11th Seminar Ordered Structures in Games and Decisions (OSGAD 2017) Abstracts

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11th Seminar

Ordered Structures in Games and Decisions

(OSGAD 2017)


November 10th, 2017

Universit´e Paris I — Panth´eon-Sorbonne

Centre d’´

Economie de la Sorbonne

106-112, Bd. de l’Hˆ

opital, 75013 Paris

With the support of Centre d’ ´

Economie de la Sorbonne and Institut

Universitaire de France



© 9:00 Welcome to participants

o 9:20-10:10 : Tam´as SOLYMOSI

Redundant coalitions for core-related solutions of cooperative games

o 10:10-11:00 : Anna BOGOMOLNAIA Random voting under dichotomous preferences

© 11:00-11:20 Coffee break

o 11:20-12:10 : St´ephane GONZALEZ

Axiomatic Foundations of a Unifying Core Concept for Games in Effective-ness Form

o 12:10-13:00 : Marc PIRLOT

The simplest decision model with criteria interactions

© 13:00-14:30 Lunch

o 14:30-15:20 : Jean-Luc MARICHAL

Associative and quasitrivial operations on finite sets

o 15:20-16:10 : Antoine BILLOT

Utilitarian Aggregation with Reasonably Heterogeneous Beliefs

© 16:10-16:30 Coffee break

o 16:30-17:20 : Alexandre SKODA


1. Tam´as SOLYMOSI (Department of Operations Research and Actuarial Sciences, Corvinus University of Budapest, Hungary)

Redundant coalitions for core-related solutions of cooperative games

The various solutions of transferable utility games take into account the coopera-tive possibilities of all coalitions of players in one way or another. Although their definitions formally involve each of the exponentially many coalitional values, many of the excess-based solutions are actually determined by a smaller family of coali-tions. Disregarding redundant coalitions can make the analysis and computation of solutions significantly easier.

In the talk we focus on the core, the (per-capita) least core, the (per-capita) nucle-olus, and identify smaller (in some cases the smallest) families of coalitions which completely determine the given solution. We present several old and some new re-sults, and demonstrate the usefulness of such simplification possibilities on various classes of games related to optimization problems.

Contact: tamas.solymosi@uni-corvinus.hu.

2. Anna BOGOMOLNAIA (Adam Smith Business School, University of Glasgow, United Kingdom)

Random voting under dichotomous preferences

What is a democratic way to strike a fair compromise between mutually exclusive public outcomes, when the compromise can take the form of probabilistic shares, time shares, budget shares, etc.?

We revisit probabilistic voting under dichotomous preferences where agents simply report that they like/dislike every outcome. We focus on two often conflicting normative concerns. Minorities should not be crushed by the opposing majority; also, the size of the support for a given outcome should increase its weight: numbers matter. The Unanimous Fair Shares property adresses both concerns by giving to any group of like-minded agents an influence proportional to its size. Individual Fair Shares weakens UFS by only guaranteeing to each agent a 1/n-th influence on the outcome (where n is the total number of agents).

No Efficient and Strategyproof rule can guarantee Unanimous, or even Individual, Fair Shares. We propose three second best mechanisms achieving two of these three design goals.

The Conditional Utilitarian rule, a simple variant of the classic ”random dicta-tor”, is Strategyproof and guarantees Unanimous Fair Shares. It is much easier to compute and strictly more efficient than the familiar Random Priority rule. In numerical simulations its inefficiency is consistently low.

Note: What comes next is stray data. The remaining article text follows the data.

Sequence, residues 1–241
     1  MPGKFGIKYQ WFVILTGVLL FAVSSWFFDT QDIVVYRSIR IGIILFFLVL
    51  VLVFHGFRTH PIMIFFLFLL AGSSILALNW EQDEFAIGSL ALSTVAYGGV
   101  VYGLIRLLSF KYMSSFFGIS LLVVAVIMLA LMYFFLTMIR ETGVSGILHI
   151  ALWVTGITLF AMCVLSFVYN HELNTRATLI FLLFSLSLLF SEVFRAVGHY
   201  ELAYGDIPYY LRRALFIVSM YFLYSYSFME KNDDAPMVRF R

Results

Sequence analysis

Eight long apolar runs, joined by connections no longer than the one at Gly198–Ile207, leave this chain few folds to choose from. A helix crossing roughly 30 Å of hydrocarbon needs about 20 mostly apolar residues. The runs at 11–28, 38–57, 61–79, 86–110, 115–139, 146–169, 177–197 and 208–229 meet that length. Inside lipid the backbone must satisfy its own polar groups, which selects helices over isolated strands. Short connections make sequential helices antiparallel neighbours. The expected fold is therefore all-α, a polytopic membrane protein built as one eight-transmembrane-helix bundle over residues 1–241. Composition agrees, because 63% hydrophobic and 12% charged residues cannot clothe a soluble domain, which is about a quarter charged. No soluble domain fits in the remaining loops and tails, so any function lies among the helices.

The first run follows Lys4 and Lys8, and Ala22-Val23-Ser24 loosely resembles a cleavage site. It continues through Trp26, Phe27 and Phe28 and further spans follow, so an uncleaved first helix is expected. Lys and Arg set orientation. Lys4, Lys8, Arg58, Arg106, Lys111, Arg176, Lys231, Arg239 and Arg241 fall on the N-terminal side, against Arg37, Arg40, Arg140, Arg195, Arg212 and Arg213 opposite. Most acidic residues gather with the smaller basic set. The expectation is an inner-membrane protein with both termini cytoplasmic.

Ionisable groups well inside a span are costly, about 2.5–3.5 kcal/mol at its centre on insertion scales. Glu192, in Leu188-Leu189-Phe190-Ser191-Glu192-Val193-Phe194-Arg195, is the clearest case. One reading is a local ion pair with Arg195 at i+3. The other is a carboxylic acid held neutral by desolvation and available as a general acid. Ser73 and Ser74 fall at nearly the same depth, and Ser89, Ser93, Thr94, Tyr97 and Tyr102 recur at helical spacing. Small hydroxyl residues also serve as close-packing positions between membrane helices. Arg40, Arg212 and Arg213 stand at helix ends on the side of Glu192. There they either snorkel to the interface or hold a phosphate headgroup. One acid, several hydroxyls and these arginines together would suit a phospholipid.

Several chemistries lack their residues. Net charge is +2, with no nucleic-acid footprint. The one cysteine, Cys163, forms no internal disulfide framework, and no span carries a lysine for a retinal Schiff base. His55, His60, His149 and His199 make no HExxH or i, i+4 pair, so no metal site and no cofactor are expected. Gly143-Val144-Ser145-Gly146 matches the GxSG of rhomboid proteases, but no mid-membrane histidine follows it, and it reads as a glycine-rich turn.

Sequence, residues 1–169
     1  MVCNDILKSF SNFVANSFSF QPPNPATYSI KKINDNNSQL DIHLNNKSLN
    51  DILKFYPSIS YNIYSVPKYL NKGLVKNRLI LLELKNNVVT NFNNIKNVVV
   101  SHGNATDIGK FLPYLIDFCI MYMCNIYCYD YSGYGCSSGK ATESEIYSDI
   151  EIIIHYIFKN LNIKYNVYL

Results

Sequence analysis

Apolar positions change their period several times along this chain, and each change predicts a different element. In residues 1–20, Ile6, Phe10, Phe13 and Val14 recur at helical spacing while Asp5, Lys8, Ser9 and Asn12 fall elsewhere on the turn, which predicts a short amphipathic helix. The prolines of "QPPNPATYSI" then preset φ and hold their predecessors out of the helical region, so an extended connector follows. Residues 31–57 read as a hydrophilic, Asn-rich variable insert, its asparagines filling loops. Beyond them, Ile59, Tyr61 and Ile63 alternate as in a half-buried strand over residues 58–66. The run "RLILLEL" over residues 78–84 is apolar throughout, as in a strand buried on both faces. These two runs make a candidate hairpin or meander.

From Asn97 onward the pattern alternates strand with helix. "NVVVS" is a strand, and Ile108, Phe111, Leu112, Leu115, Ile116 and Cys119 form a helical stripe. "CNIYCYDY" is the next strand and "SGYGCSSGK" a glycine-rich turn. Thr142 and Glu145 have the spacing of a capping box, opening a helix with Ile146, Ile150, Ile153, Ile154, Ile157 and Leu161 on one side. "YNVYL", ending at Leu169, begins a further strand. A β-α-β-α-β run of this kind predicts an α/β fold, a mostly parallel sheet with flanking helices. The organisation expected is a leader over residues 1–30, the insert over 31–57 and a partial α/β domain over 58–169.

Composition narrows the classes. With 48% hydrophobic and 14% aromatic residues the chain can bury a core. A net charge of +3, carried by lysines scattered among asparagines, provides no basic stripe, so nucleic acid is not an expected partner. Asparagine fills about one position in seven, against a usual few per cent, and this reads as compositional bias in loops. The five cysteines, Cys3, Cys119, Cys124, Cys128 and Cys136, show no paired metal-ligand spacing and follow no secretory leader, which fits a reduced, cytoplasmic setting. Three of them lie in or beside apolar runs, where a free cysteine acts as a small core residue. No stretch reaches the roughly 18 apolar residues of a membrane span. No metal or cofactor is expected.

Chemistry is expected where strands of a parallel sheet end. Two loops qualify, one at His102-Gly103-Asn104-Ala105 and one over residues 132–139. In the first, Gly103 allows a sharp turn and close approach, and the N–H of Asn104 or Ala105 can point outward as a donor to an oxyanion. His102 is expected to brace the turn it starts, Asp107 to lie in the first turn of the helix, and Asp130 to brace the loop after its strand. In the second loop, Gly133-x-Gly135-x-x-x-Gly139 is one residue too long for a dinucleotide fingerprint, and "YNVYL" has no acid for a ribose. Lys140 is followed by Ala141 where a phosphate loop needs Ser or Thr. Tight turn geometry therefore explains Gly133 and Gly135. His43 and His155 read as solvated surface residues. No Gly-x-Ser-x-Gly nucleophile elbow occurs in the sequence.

dislikes. But this rule ignore numbers: it treats a unanimous group of agents exactly as if it contains a single agent.

The efficient Nash rule (maximizing the product of utilities) offers much stronger welfare guarantees than both rules above: it picks a core stable mixture when any group of agents can enforce any outcome with a probability proportional to its size. But the Nash rule fails even the excludable form of Strategyproofness.

We also uncover several challenging open questions. (joint work with Herv´e Moulin and Haris Aziz) Contact: Anna.Bogomolnaia@glasgow.ac.uk.

3. St´ephane GONZALEZ (Universit´e de Saint Etienne, GATE Lyon Saint Etienne)

Axiomatic Foundations of a Unifying Core Concept for Games in Effectiveness Form

This paper provides two axiomatic characterizations of the core of games in ef-fectiveness form (Rosenthal, 1972) that unifies a wide variety of solution concepts prominent in the literature on social choice theory and game theory. Both charac-terizations use the non-emptiness axiom saying that the solution is nonempty on the domain with a nonempty core. The first characterization relies on coalitional unanimity and Maskin monotonicity properties together with an independence prin-ciple with respect to leaving players. The second characterization invokes a strict dominant set property and an independence principle with respect to irrelevant states. These results give new insights on characterization of well-known solution concepts ((strong) Nash equilibrium, Condorcet winner...).

(joint work with Aymeric Lardon)

Contact: stephane.gonzalez@univ-st-etienne.fr.

4. Marc PIRLOT (Universit´e de Mons, Belgium) The simplest decision model with criteria interactions


an object is “good” if and only if the sum of the weights of the criteria on which its value is 1 reaches some minimal threshold value.

Some (many, in general) positive Boolean functions are not “threshold”. It is not possible to separate the good objects from the bad ones by a linear function. In-stead, a k-additive capacity is needed, for some k > 1, or, in other terms, the good objects can be separated from the bad ones by a multilinear polynomial of degree k. In the k = 2 case, one usually says that criteria interact in pairs. These in-teractions are interpreted as positive or negative synergies between criteria. When higher values of k are needed to separate the good from the bad objects, there are more complex interactions between criteria, involving up to k-tuples of criteria. In order to try to better understand the notion of interaction, we have enumerated and listed all positive Boolean functions up to n = 6. For each of them, we de-termined the minimal value of k for which the good and the bad objects can be separated by a k-additive capacity [3]. The number of positive Boolean functions of n variables, the Dedekind number Dn, grows very rapidly with n and there is